replace() method. It take 2 parameters – the needle and the haystack. So if you wanted to replace ‘cat’ with ‘dog’ it might look something like this:
var myString = "The cat jumped over the fence"; var myNewString = myString.replace("cat","dog"); document.write(myNewString);
Great it worked. You can also use regular expressions for the needle if you’re into that kind of thing – say for instance, if you want to generate a valid URL. It when doing just that, that I realised I had a problem on my hands. My code used 2 replace methods – one for removing special characters, the other to remove spaces. The first was a regular expression, while the second was a basic method searching for a space and replacing it with a dash. My problem was that it was only replacing the first space. And so I had to reach for a regular expression to help me out.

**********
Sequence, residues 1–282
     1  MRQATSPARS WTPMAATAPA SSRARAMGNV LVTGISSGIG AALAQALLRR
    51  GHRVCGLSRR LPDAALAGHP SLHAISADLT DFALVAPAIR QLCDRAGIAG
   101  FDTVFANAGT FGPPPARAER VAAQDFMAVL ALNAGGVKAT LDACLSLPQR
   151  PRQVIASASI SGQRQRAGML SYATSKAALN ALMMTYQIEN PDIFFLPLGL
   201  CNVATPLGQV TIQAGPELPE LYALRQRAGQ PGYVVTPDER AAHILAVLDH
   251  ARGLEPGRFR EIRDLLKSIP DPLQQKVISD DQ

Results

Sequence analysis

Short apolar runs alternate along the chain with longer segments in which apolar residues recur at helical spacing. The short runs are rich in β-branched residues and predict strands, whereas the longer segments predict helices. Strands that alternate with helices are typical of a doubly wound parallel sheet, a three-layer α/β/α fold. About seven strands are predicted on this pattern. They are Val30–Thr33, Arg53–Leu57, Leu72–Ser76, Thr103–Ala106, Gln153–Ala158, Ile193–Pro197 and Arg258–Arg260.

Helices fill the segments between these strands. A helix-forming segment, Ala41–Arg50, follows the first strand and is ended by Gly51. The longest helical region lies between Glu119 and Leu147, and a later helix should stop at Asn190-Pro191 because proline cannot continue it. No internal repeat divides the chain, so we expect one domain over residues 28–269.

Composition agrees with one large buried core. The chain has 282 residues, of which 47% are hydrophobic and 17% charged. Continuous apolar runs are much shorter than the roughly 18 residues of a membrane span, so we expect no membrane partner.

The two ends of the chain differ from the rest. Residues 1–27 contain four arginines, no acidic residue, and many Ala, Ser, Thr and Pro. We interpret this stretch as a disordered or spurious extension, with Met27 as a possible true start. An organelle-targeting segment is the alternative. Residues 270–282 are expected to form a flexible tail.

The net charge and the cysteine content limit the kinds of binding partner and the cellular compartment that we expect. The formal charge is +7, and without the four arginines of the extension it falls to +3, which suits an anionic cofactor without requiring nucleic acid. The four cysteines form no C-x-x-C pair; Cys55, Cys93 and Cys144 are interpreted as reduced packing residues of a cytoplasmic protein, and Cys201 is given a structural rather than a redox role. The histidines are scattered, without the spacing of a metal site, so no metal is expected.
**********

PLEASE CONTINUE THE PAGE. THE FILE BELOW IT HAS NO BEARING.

Don’t worry if you’re not too great with RegEx, this one is really basic, and here’s what it looks like:
var myString = "The cat jumped over the fence to meet another cat." var myNewString = myString.replace(/cat+/g,'dog'); document.write(myNewString);
That bit of code tells the rendering engine that we are using a RegEx with our forward slashes, inside we have the word we are looking to replace, then the plus symbol tells it to match the preceding word (in our case ‘cat’), 1 or more times. Then the magic happens – we use the ‘g’ character to tell it to look for all occurrences.
And that is how you ensure all occurrences of a needle are replaced when using the
replace() method. Hopefully this article will save you scratching your head over why a seemingly obviously method won’t play ball.